We need to take a step back, confront our “inner Pharaoh,” and tell him, “Let my people go!” There is no need for us to live in a rut; we can find ways to get back on track and make our life what it should be (Rabbi Mordechai Kamenetsky, “Lost In Egypt”).

Question for Discussion:

When were you in a difficult situation, and what did you do to free yourself?

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Response:

From a second year student at Ohr Somayach: For me, the journey to teshuvah was one of self-purpose and identity. I had always hated school, and academics were never my strong point. My real talents were in drama and music. About four years ago, I achieved a long coveted goal: the lead role in the school play. The moment of triumph would be the curtain call, when the cast came on stage to take a bow after the performance. As I understood it, this was a euphoric moment, when you listened to the applause and knew that this was what you wanted for the rest of your life.

I got a standing ovation, with the audience cheering and calling my name. I stood there, but instead of feeling proud and euphoric, I felt flat and confused – and very sad. I became obsessed with discovering my purpose in life. For a time, I thought I had found it in music. About a year later, someone heard me sing and offered me a job touring the east coast with a band. We were on the road for nine months. The first half of the tour was fun – I loved seeing new places and meeting new people.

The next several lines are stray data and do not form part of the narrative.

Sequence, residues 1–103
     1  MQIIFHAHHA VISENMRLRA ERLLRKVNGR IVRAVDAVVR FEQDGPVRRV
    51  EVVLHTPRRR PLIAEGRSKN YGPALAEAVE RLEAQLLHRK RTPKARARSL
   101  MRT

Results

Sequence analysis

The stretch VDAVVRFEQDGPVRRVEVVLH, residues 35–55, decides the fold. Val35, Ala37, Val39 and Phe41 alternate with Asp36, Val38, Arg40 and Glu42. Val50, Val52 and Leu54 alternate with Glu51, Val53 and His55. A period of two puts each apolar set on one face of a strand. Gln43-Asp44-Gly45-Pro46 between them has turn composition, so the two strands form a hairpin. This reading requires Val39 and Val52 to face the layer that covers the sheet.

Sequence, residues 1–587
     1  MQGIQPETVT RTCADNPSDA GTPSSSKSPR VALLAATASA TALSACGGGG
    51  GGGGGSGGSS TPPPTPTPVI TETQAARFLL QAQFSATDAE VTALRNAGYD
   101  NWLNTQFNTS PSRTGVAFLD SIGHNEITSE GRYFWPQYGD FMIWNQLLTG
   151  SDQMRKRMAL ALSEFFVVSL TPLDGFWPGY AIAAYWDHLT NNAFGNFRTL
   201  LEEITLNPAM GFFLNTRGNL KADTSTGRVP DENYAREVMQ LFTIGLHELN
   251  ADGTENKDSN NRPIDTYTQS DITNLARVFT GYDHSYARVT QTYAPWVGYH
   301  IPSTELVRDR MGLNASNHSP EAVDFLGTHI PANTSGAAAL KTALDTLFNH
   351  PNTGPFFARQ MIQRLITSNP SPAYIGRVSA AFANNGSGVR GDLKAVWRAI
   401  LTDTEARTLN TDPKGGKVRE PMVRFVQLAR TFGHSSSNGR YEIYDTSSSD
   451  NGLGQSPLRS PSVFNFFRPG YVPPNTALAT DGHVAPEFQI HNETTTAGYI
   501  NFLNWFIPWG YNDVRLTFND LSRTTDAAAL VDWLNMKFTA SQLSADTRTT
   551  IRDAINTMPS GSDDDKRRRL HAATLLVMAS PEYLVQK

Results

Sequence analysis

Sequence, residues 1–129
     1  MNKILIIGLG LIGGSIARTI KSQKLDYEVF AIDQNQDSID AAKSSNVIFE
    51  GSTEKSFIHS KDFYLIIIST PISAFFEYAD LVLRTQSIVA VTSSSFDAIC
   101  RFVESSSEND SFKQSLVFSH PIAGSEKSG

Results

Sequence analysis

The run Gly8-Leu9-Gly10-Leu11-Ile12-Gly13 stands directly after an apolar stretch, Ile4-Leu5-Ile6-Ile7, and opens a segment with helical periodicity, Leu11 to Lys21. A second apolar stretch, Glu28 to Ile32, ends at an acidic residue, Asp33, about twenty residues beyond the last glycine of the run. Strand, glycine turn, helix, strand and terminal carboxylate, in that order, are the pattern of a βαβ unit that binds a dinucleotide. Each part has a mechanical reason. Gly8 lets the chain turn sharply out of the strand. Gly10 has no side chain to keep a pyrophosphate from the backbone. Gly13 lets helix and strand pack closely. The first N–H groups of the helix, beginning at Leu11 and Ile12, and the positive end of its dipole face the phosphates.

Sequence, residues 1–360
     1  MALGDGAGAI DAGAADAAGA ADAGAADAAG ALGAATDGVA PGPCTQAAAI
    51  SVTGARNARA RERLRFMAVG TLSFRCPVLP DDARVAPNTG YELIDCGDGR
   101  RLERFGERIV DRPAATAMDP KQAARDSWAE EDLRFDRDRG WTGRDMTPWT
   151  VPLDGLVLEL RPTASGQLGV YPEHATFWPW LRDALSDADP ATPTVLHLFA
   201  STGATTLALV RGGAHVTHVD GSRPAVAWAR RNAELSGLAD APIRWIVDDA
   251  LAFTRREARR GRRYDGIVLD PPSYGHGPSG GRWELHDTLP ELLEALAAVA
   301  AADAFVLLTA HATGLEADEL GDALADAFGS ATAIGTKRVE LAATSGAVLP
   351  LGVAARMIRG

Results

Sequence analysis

As we began the second half of the tour, it was no longer fun. Once again, I was confused and sad, and could not understand why the music was no longer fulfilling. I left the band and was now totally lost. I was uncertain of who I really was and why I was here. If not theatre and music, then what?

I felt that it would be helpful to leave the United States, and decided to visit my sister in Israel for two weeks. She was married with three children, and had lived in a religious neighborhood in Jerusalem for eight years. After two weeks, I decided to extend my stay and started looking for a job. I found something, but my boss said that the job required learning in a yeshivah once a week. I wanted the job, and I figured, “Once a week? No big deal.”

As it turned out, it was a very big deal. Soon enough, once a week was twice a week. I loved it so much that I quit my job and enrolled in yeshivah fulltime. In just two months of learning Torah, I found purpose and identity that I had never known before. My two-week visit to my sister became a two-year life-changing experience through Torah. I no longer have questions about who I am and what my purpose is; I have learned the answers. I am a Jew, and my purpose is Torah and mitzvos. I understand now that Hashem put me through the hardships and confusion in order to bring me to teshuvah. Thanks to Hashem and His Torah, I have never been more at peace.

Parshas Vaera #2

Frogs

“And Hashem did as Moshe said, and all the frogs died, from the houses and the courtyards and the fields. They gathered them up into piles and piles, and the land stank. And Pharaoh saw that there was [some] relief, and he hardened his heart, and did not listen to [Moshe and Aharon]” (Shmos 8:9-11).

Despite Moshe’s warning, Pharaoh refused to free his vast corps of Jewish slaves. In response, the laws of nature turned upside down in a series of ten overtly miraculous Plagues. The second Plague was that of Tzefarde’a, the frogs which invaded every inch of Egypt. Doors and walls did not stop them from entering the Egyptians’ homes, beginning with Pharaoh’s own palace. They jumped into their beds, their baking ovens, and even into their internal organs, croaking incessantly all the while. The frogs were everywhere, and there was no letup (Yalkut Shimoni, Vaera,183:8; Shmos Rabbah 10:2-3,6).